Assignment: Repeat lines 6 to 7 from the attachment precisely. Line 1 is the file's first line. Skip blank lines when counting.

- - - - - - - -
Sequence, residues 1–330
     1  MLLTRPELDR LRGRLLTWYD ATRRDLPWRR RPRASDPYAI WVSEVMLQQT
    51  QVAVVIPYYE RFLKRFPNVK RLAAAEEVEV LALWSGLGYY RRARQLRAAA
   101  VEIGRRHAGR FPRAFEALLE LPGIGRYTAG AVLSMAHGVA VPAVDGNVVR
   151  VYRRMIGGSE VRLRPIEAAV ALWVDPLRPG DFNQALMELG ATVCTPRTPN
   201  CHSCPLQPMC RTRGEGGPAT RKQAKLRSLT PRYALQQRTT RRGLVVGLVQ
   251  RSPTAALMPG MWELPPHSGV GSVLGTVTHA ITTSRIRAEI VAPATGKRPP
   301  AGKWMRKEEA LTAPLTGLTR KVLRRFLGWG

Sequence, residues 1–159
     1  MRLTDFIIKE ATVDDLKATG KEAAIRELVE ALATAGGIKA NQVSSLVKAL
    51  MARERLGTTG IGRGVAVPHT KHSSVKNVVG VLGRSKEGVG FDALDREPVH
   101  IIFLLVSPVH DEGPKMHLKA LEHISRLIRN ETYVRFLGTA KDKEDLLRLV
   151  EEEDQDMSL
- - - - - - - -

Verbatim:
   201  CHSCPLQPMC RTRGEGGPAT RKQAKLRSLT PRYALQQRTT RRGLVVGLVQ
   251  RSPTAALMPG MWELPPHSGV GSVLGTVTHA ITTSRIRAEI VAPATGKRPP